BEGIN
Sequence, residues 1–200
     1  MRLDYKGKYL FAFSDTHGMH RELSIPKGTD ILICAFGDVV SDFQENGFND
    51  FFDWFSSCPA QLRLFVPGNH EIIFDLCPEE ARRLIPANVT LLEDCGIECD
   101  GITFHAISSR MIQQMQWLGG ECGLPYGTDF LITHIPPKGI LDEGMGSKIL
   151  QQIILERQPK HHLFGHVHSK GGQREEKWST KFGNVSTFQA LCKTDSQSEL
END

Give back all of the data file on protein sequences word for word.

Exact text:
Sequence, residues 1–200
     1  MRLDYKGKYL FAFSDTHGMH RELSIPKGTD ILICAFGDVV SDFQENGFND
    51  FFDWFSSCPA QLRLFVPGNH EIIFDLCPEE ARRLIPANVT LLEDCGIECD
   101  GITFHAISSR MIQQMQWLGG ECGLPYGTDF LITHIPPKGI LDEGMGSKIL
   151  QQIILERQPK HHLFGHVHSK GGQREEKWST KFGNVSTFQA LCKTDSQSEL